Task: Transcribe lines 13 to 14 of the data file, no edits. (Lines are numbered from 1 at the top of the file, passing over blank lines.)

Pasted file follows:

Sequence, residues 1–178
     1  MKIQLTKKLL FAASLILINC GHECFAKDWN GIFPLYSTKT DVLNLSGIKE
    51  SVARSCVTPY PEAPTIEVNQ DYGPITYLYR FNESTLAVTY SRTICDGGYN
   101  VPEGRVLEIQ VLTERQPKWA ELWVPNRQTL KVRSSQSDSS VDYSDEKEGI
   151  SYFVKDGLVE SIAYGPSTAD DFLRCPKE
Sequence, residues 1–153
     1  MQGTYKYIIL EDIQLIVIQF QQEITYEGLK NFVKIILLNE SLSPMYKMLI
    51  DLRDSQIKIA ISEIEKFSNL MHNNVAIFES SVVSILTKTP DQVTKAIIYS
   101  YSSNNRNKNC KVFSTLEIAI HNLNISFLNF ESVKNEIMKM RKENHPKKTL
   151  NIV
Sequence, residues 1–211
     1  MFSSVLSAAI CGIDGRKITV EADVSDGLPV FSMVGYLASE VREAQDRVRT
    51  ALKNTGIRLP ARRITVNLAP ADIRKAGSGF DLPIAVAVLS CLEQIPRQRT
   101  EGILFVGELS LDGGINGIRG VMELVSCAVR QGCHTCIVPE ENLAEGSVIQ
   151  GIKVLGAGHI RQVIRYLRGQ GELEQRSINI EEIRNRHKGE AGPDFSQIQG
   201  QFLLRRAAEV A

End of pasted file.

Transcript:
    51  ALKNTGIRLP ARRITVNLAP ADIRKAGSGF DLPIAVAVLS CLEQIPRQRT
   101  EGILFVGELS LDGGINGIRG VMELVSCAVR QGCHTCIVPE ENLAEGSVIQ